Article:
Introduction: In this article, Gena Philibert-Ortega searches old newspapers to find all kinds of macaroni and cheese recipes – whether you like this comfort food as a main dish, or perhaps a side dish for your Thanksgiving meal. Gena is a genealogist and author of the book “From the Family Kitchen.”
It’s getting cooler and Fall is in the air. I keep seeing online recipes for Fall comfort food. I started wondering what dishes my friends considered “Fall comfort food” so I asked on Facebook. I was surprised that quite a few of my Facebook friends answered that question with a familiar favorite: Macaroni and Cheese.
That’s a dish that may seem pretty straightforward, but it has evolved over time and it lends itself to some creative interpretations. Served in the United States since the late 18th century, Thomas Jefferson’s enslaved chef Thomas Hemings cooked macaroni and cheese for Jefferson’s guests in Virginia after both men were introduced to the dish in Europe. (1) Since then, macaroni and cheese recipes and mentions have been found in many newspapers.
Not published in a way that is familiar to us, 19th century (and earlier) recipes lack the instructions we have grown accustomed to from reading cookbooks and online recipe websites. These early versions don’t explain what ingredients to gather beforehand, what temperature to cook the dish at, or measurements needed.
That lack of detail is true of this recipe from 1876 that simply tells the cook to break macaroni, wash, put it onto the stove to soak until soft and then begin layering macaroni and “old cheese.” The only measurement mentioned in the recipe is “three tablespoonfuls of milk.”
This 1891 recipe pays homage to macaroni’s Italian roots and as such calls for “Parmesan” cheese. Unlike some macaroni and cheese dishes, this dish is made entirely in a pan.
As we near the 20th century, standardized measurements start to be used in cooking. This recipe for macaroni and cheese includes a few measurements (“a piece of butter in the size of an egg” and “a handful” of cheese). This recipe includes a top layer of bread crumbs. The entire dish is finished off in a “quick oven.” According to one website I consulted, that would be an oven at 375-400 F degrees. (2)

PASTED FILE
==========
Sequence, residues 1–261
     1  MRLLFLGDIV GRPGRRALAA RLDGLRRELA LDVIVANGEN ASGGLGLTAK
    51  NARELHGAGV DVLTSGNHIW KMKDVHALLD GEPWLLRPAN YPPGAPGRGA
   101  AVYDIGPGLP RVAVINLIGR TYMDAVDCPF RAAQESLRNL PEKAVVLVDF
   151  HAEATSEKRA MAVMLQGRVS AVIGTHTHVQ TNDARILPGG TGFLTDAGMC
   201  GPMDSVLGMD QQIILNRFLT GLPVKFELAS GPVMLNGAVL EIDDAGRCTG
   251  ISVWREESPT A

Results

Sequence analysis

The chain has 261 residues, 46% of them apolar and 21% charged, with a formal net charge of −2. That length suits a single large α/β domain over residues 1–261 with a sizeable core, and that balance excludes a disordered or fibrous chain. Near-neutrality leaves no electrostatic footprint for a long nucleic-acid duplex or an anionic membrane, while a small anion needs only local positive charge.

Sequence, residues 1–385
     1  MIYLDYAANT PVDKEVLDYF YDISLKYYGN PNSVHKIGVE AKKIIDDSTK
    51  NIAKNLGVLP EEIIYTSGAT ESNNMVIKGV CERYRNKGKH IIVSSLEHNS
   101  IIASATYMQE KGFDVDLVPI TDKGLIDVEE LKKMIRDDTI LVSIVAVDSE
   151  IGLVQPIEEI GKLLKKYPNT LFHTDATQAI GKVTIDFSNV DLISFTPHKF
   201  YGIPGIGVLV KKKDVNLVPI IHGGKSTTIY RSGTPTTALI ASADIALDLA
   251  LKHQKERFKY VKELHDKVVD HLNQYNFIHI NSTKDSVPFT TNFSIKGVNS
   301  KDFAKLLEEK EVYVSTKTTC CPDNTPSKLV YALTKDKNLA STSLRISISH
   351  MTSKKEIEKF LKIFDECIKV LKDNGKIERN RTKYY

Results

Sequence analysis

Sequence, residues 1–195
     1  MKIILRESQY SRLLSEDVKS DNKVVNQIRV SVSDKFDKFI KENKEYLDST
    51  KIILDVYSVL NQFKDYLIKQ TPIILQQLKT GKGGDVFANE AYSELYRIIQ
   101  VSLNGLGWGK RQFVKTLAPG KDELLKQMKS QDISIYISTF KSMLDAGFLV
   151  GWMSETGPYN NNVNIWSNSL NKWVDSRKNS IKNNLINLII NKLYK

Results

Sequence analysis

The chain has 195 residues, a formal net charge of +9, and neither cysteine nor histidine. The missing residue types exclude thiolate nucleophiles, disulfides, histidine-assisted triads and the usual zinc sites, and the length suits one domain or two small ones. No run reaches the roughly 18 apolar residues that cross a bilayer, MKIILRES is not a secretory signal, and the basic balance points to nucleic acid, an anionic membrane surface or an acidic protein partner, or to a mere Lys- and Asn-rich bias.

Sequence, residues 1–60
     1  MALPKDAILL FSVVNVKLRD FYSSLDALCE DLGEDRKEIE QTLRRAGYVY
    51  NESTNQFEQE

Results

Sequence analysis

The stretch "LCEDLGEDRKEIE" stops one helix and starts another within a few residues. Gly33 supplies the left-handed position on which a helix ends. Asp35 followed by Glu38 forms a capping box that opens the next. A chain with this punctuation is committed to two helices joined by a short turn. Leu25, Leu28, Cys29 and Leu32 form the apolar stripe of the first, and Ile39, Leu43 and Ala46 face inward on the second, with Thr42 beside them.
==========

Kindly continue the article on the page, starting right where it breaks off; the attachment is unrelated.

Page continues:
This 16 March 1900 edition of the “Daily Household Column” in the Philadelphia Inquirer includes a simple macaroni and cheese recipe and then an “Italian” macaroni recipe labeled as more complex. This recipe is a layered dish that adds beef, salt pork, mushrooms, onion, and tomatoes to macaroni and cheese.
It’s not surprising that, over time, advertisers used the popularity of the dish to promote their own products by introducing new ways to make macaroni and cheese. This 1904 advertisement for Lea & Perrins’ Sauce (Worcestershire) suggests sprinkling some on the finished macaroni and cheese, or making the dish better by adding it to the dish prior to baking.
By the late 1930s, families could save time by purchasing boxed Kraft Macaroni and Cheese. It was inexpensive and a time saver, especially during the World War II years when more women were in the workplace and families had to deal with food rationing.
However, some families continued to make their own mac and cheese by scratch, and even tried to put a new spin on it as influenced by various published recipes. For example, this 1940 Texas recipe adds American cheese and a jar of mustard.
Macaroni and cheese can be served in something other than a casserole dish. For example, this recipe from 1950 is for a Macaroni Loaf that takes the familiar recipe and adds parsley, onion, pimento, eggs, and ground meat.
My favorite macaroni and cheese recipe from the 1990s is found in this “Kid Club” column based on a kindergarten recipe book. One of the kindergarteners, Jon-Paul McCartney, makes it simple and to the point with his recipe.
2000 and Beyond
As time has gone by, macaroni and cheese recipes have been reimagined. Sure, people still love the tried and true, but many are trying new things with their macaroni. I remember a decade ago discovering a macaroni and cheese “bar” at a local amusement park restaurant. Guests chose toppings to add to their base mac and cheese that included veggies (broccoli, for example), meats (think ham and bacon), and additional sauces (various cheese and hot sauces). That allowed diners to customize their mac and cheese to create something new. Obviously, mac and cheese at our house was never the same after that.
This newspaper article provides some traditional mac and cheese recipes that you can start with as a foundation to something more creative. It also has this baked macaroni and cheese recipe.
People have always shared their mac and cheese recipes in the newspaper. It’s one more way an online collection of newspapers, such as GenealogyBank’s Historical Newspaper Archives, is not only a great way to learn about the lives of your ancestors, the old newspaper articles also help you understand American history and the times your ancestors lived in – and the recipes they shared.
It’s Time for Mac and Cheese
Whether you like it in the Fall, for Thanksgiving, or every week, macaroni and cheese is a favorite dish for many. Do you have a family recipe for this old favorite? I’d love to hear about it in the comments below.
(1) “The History of Slavery in the Cultivation of Mac and Cheese,” (https://storymaps.arcgis.com/stories/03dbf30ccad245b0a505f18b18fb5e8c: accessed 23 October 2021).
(2) “Oven Temperature,” Food (https://www.food.com/about/oven-temperature-528#:~:text=Moderately%20Hot%20Oven%3A%20375F,Hot%20Oven%3A%20500F%20or%20more: accessed 23 October 2021).